It seemed inconceivable to her that she had fallen for a Red. It was one thing to consort with them for her own purposes and while doing so to forget, at times, the great gulf fixed; but quite another to admit for a second that she could really care for one of these warped, atheistic monsters who were out to destroy all that was best and finest in her dearly loved Spain.
But again, once Wheatley burns himself out on hyperbole, he relaxes enough to permit an even-handedness that we might not have expected of him:
At first she had loathed the people with whom she had to mix. Their whole outlook was so utterly at variance with her own passionate belief in the fitness of a Catholic and Monarchist Spain that it proved an almost unendurable strain to refrain from screaming at the blasphemies they uttered. Only the fact that she knew their jargon backwards and the story that she was the illegitimate daughter of a Catholic priest, which they swallowed greedily enough, gave her sufficient cover to remain unsuspected when she turned white from sheer horror at finding herself alone among these ghouls who thirsted for the blood of her friends and her class. In those early days the very smell of the unwashed crowds who gathered in the dreary meeting-halls had filled her with such nausea that it had been a struggle to prevent herself being physically sick. She felt that she would never be clean again from mental and bodily contamination but, as the months passed, familiarity with such surroundings brought a subtle change in her attitude.
She had begun to look with new eyes upon these denizens of a strange, squalid, twilight world. Some she recognized as professional trouble-makers who scraped a living from the meagre collections obtained after addressing meetings, but most were honest people made bitter by the injustices of fate. Once she had grasped the appalling conditions under which many of them were born and died, the ignorance that condemned them to slavery all their lives and how a whim of fashion or the ill-timed increase of a tax could rob hundreds of them of the bare pittance on which they lived, a new horror gripped her.
Before long realization had come to her that in their private lives most of them could be as gentle, as kind, as courteous and much more generous, within their limited means, than the people amongst whom she had been brought up. She found that they possessed abundant humour too and an almost unbelievable fortitude when fate dealt harshly with them.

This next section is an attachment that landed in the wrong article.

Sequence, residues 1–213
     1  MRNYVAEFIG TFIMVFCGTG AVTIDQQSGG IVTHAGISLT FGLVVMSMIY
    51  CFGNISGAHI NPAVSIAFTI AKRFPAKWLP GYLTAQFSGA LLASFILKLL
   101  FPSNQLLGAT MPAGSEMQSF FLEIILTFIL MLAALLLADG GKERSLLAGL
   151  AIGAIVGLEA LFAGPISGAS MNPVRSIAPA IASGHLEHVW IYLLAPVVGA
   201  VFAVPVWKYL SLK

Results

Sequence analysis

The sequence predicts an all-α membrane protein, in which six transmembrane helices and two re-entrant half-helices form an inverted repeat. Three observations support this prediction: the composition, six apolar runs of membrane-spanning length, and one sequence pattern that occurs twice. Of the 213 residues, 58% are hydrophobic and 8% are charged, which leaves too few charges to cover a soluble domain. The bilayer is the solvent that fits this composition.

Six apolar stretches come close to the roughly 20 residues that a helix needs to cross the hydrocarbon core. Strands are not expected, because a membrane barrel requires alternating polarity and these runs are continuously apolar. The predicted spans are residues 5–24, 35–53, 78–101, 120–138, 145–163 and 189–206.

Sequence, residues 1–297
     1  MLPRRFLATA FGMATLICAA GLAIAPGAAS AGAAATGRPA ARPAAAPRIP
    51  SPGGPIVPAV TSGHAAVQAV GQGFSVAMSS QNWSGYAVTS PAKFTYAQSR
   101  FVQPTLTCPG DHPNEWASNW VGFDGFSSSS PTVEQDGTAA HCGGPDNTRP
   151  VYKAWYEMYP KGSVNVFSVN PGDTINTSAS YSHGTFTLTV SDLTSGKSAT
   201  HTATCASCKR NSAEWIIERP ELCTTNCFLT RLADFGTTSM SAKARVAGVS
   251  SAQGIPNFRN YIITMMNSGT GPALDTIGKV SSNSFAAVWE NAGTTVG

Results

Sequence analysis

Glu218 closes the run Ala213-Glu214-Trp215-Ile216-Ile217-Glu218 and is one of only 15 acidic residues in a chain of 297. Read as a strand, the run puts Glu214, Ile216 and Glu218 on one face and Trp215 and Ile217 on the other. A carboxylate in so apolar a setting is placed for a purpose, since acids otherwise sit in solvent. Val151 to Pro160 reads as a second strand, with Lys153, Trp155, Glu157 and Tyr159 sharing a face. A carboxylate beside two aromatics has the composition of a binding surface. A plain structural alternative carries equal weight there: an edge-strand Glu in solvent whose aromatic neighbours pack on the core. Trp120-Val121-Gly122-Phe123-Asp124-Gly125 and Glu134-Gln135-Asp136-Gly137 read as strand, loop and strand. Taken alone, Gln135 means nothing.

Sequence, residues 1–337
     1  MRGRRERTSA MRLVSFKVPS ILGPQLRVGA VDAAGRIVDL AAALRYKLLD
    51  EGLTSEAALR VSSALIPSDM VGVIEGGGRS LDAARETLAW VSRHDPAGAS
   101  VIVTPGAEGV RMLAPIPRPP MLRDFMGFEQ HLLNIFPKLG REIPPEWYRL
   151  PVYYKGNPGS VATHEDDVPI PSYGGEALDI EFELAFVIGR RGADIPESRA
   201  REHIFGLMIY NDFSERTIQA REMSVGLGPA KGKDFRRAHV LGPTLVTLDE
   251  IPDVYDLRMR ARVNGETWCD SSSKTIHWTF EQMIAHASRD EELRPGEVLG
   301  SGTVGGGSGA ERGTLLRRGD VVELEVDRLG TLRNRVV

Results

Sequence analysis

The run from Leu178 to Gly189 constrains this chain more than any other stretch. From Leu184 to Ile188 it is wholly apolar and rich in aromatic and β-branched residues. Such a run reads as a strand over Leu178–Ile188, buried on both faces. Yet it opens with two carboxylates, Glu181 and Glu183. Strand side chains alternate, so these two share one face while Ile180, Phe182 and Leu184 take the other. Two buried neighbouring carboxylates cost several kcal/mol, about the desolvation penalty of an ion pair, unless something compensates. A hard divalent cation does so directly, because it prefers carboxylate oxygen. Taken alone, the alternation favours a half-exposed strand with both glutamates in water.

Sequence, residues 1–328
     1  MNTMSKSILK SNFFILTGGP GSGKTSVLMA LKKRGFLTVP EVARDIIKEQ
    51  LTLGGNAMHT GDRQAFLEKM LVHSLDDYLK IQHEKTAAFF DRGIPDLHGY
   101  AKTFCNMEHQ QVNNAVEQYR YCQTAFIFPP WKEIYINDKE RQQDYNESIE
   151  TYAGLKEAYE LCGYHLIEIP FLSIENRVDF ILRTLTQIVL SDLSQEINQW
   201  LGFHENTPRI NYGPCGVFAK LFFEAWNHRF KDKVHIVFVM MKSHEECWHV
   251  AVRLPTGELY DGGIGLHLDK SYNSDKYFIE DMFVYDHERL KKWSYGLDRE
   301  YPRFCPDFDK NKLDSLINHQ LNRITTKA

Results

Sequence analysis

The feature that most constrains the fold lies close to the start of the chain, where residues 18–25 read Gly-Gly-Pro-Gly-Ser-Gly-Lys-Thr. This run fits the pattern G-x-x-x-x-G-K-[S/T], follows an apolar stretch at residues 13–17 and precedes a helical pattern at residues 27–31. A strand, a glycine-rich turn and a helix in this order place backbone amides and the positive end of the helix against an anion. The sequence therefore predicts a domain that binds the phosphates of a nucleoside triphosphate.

|There's a touch of Mae West to this one|
Wheatley's keen (but usually fleeting) eye for sadism is here given freer reign than customary, prompted by extended scenes of mob violence. (The tyranny of the mob has been a feature of much of his previous work, in both fiction and non-fiction.):
The pavements were still hot from the long day of blazing sunshine, the air was stifling and the hooligans, male and female, only wore a minimum of garments. Led by criminal and sadistic lunatics, who for once were able to glut their revolting secret appetites without fear of being caled to account, thousands of normally decent workpeople - their better instincts drowned in looted alcohol - ran laughing and cursing about the airless half-lit streets. What did it matter that the red blood of life flowed in the gutters, that young girls were being violated until they died of exhaustion, and that strong men, fiendishly castrated, screamed like women in childbirth? It was only the putting into practice of the doctrine by which the mobs had been taught they would achieve riches and contentment.
Elsewhere the Duke himself kills an avaricious mayor by forcing "a large knife through his liver with as little compunction as one kills a rat", Simon deals a woman "a back-handed blow from his fist which sent half her teeth down her throat", and de Richleau and Richard are forced to stand by impotently as a group of nuns are soaked in petrol and burned alive.
Wheatley clearly feels he has special license to depict such atrocities because he is passing judgement on events that are not only real but also contemporary. It is important to remember that the outcome of the conflict was still to be decided when the book was published, which makes his now customary interweaving of fact and fiction all the more impressive here. Rather than beginning with an episode from a history book and then conceiving of a fictional narrative that would fit its contours, he has here begun with a fictional premise and laced into it real life personages and detailed accounts of the war's course not as window dressing but as integral elements - a considerable feat when one realises that Wheatley is taking his material straight from the morning headlines. For all his bombast, he has again thoroughly researched his subject: readers presuming he will be painting with only the broadest of strokes might be surprised, for instance, by passages which note (and derive narrative capital from) the differences between the F.A.I., the C.N.T., the U.G.T and the P.O.U.M.
|Our heroine re-imagined for the Heron edition, apparently on the end of a piece of unraveling string|